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Two recent reports warn of the growing problem of the sexual exploitation of young people. Jenni Whitehead examines the reports and their implications for practice

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Neil Griffiths, creator of Storysacks, reflects on the importance of sharing shares with young children and shows how to make story reading a rich and memorable performance

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With schools facing ever-increasing constraints on their finances, getting the most from your CPD budget is more important than ever. Caroline Bentley-Davies offers some useful advice

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Joan Hardy updates readers on her school’s involvement in the silver award of the Arts Council’s Arts Award scheme, which involves them in designing, implementing and evaluating a particular arts challenge

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Peter Kent looks at the prospect of higher university tuition fees for students at his school, and worries about how it will affect their decisions on their future. Will removing the cap on tuition fees put some young people off going to university altogether, despite academic ability?

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David Morley shares his experience of raising his school’s attendance levels through tackling parents who take their children out of school too often

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The new Act consolidates the law, but also contains important new provisions that schools managers should take on board, says Tony Hyams-Parish

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To be successful in advancing teaching and learning, staff development should follow a cycle, argues Sara Bubb as she looks at different levels of CPD activity and effective ways to develop these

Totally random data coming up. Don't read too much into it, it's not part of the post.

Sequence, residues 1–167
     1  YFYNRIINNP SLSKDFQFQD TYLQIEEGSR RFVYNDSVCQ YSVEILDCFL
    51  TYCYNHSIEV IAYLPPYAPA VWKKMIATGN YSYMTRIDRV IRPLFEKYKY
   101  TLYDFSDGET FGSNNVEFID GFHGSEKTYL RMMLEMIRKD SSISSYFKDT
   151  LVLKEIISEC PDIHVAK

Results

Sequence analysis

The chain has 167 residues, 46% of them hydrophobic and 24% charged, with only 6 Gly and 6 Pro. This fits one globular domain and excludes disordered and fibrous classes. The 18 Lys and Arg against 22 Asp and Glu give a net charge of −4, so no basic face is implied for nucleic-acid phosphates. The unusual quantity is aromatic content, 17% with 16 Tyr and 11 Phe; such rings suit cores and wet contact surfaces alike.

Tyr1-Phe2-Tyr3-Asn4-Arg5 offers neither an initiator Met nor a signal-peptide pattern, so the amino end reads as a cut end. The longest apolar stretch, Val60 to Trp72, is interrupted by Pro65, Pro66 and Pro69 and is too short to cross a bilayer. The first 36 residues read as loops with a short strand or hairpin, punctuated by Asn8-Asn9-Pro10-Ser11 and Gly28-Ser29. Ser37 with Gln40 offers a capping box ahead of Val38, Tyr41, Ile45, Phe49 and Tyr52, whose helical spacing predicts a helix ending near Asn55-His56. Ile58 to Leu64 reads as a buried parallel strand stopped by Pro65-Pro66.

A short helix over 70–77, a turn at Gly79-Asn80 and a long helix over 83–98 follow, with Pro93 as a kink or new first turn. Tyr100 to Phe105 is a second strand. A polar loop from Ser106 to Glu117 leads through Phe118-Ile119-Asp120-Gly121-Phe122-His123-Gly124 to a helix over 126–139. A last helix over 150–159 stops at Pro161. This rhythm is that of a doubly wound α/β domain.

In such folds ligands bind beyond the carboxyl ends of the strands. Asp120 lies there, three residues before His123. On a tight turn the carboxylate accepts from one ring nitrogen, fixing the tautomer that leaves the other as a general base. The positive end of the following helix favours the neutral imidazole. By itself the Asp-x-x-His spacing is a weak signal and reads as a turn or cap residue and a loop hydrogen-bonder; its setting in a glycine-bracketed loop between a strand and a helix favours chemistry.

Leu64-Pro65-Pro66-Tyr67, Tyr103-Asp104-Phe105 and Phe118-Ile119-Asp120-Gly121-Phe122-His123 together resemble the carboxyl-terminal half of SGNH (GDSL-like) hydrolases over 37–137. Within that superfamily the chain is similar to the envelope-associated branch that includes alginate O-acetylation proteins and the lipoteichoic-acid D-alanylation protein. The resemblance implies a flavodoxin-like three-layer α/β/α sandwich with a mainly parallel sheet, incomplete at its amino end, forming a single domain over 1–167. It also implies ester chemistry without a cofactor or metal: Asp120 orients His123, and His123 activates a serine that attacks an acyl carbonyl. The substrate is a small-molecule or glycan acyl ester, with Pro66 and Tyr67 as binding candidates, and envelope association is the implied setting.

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With the internet now a central part of most pupils’ lives – at school and at home, guarding against online dangers and those who seek to exploit young people’s vulnerability is a must. Paul Ainsworth gives a step-by step guide to training for e-safety

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More training and support is needed to accommodate autism in mainstream schools, according to  the NfER’s new report, Autism and Educational Assessment: UK Policy and Practice

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The best solutions to any uncertainty, says Josephine Smith, are often those that can be found close to home. Here, she suggests how school leaders can steady the ship and ensure that there is no loss in staff motivation as another period of change gets underway

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Gill O’Donnell finds ways to go shopping for extra school funds

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In contrast with CPD that is imposed on teachers with little regard to their practical needs, Alison Barnes outlines a collaborative approach that enables G&T coordinators to formulate, implement and evaluate creative solutions to their colleagues’ training requirements

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Risk is a hot topic in education, and the source of a great deal of professional confusion and anxiety. Tim Gill charts a way through the stormy waters towards a more thoughtful, balanced approach

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Steve Mynard analyses the recent comprehensive spending review and considers the implications for heads and schools